CHARLESTON, W.Va. -- Two West Virginia University students are doing their part to end Morgantown's trend of destructive postgame celebrations.
Summer Ratcliff, a WVU junior from Bunker Hill, said the talk on campus the Monday following the Oct. 6 football win at the University of Texas -- and subsequent riots -- worried her.
"I overheard someone talking about how a light post was torn down on Grant Street. They were talking about how funny it was -- like it was cool," she said. "I spoke up and asked them to tell me why they thought that was OK. Why is it funny that people are destroying our city? He didn't have much to say after that."
The incident inspired her, along with a fellow WVU student and Morgantown native, Brady Tucker, to get students to speak up about the riots and destruction with a social-media-centered campaign called "Protect Morgantown."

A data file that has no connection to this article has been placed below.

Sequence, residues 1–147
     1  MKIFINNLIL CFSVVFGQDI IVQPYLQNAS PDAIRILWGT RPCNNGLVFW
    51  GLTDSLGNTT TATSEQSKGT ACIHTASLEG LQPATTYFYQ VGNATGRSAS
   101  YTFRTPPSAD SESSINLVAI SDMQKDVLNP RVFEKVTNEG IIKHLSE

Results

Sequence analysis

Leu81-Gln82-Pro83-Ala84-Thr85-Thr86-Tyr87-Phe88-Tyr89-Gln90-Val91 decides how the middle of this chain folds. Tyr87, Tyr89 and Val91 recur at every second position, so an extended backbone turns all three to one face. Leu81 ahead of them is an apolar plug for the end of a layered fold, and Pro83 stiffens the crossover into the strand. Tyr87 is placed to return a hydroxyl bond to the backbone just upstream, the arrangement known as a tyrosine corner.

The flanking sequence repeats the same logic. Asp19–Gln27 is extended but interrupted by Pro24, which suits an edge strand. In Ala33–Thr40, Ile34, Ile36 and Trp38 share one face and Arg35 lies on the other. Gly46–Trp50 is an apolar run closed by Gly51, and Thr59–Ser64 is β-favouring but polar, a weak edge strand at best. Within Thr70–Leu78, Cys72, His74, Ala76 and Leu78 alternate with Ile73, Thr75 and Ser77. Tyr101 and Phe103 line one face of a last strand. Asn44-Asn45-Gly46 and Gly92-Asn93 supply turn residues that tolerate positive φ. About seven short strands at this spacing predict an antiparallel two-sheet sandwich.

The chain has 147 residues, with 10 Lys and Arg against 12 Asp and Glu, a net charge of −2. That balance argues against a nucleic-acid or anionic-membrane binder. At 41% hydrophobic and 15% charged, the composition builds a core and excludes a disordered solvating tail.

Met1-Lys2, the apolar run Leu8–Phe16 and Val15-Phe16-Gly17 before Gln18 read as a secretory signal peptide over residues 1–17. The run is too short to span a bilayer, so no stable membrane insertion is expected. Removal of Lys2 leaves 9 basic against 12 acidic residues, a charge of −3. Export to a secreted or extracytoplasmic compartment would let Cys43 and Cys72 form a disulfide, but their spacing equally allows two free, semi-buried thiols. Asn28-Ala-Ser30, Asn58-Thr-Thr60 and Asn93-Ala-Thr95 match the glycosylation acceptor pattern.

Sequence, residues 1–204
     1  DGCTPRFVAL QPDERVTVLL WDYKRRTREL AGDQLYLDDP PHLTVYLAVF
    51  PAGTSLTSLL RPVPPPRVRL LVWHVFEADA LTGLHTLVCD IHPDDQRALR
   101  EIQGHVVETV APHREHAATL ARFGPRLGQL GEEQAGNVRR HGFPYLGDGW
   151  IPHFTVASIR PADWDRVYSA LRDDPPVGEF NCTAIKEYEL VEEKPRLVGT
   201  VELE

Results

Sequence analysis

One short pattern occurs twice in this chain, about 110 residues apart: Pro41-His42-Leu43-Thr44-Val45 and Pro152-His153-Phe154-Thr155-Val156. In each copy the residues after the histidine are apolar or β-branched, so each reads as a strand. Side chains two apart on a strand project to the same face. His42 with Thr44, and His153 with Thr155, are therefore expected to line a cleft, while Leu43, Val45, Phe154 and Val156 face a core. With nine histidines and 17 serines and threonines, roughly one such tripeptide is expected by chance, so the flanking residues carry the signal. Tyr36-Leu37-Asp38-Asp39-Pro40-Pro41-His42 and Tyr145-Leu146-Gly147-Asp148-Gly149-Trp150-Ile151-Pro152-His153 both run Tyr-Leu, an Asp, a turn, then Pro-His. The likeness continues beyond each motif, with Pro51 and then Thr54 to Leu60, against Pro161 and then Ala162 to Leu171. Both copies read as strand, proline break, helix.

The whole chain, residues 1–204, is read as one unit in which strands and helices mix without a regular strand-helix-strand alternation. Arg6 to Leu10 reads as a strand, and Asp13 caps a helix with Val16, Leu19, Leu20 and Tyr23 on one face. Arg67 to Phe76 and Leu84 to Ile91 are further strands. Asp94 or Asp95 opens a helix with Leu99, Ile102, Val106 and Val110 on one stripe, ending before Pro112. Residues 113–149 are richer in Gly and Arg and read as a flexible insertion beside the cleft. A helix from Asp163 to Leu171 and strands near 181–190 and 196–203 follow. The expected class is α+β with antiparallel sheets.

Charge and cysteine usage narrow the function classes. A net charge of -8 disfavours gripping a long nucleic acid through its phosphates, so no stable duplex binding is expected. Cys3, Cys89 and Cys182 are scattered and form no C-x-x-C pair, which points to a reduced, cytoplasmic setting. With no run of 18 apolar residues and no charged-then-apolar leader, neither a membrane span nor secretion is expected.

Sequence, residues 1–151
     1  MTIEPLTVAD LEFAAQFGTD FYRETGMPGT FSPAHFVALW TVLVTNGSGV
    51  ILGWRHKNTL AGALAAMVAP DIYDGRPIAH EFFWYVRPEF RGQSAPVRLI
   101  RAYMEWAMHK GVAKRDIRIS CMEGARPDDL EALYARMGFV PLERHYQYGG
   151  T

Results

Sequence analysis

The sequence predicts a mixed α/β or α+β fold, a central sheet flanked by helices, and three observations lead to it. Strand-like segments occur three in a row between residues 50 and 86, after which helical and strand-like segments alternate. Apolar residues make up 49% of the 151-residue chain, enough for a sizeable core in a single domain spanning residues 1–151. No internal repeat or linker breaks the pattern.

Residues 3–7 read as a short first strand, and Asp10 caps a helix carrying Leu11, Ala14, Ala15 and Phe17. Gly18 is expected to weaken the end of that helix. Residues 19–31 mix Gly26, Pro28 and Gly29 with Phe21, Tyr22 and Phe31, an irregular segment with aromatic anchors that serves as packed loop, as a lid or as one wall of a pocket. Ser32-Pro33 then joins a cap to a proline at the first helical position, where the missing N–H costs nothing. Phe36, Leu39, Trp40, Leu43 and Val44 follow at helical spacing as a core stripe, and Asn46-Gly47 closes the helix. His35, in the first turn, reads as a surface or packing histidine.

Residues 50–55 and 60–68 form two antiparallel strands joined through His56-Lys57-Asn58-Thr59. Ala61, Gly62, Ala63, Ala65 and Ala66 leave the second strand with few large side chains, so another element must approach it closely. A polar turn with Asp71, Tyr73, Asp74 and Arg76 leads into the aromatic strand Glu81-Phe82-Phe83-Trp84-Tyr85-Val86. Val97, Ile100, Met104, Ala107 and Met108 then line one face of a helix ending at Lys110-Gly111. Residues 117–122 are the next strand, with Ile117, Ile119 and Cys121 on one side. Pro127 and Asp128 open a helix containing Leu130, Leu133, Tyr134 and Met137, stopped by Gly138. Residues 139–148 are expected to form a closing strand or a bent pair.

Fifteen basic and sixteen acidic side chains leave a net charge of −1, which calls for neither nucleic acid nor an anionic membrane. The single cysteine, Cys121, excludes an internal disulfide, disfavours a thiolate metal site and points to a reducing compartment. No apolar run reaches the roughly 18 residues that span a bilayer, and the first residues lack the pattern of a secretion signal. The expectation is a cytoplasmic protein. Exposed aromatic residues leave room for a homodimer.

The campaign asks students not only to be vocal about the issue, but actually to monitor areas where fires are often set.
"If your group stands beside a Dumpster for two to three hours after a major win, you could prevent one fire from happening. If we were able to get 20 to 30 groups in these high-fire areas, we could help our local police and fire department tremendously," the Protect Morgantown Facebook page states. "We may be able to save a life of someone whose house is really on fire and actually needs help."
The campaign was created in response to rioting by hundreds of students in the streets of Morgantown two weekends ago in which fires were set and objects were thrown at officers following the game. Officers donned riot gear and used pepper spray and chemical gas to disperse crowds.
Since then, WVU and city officials have been planning ways to prevent future incidents from happening.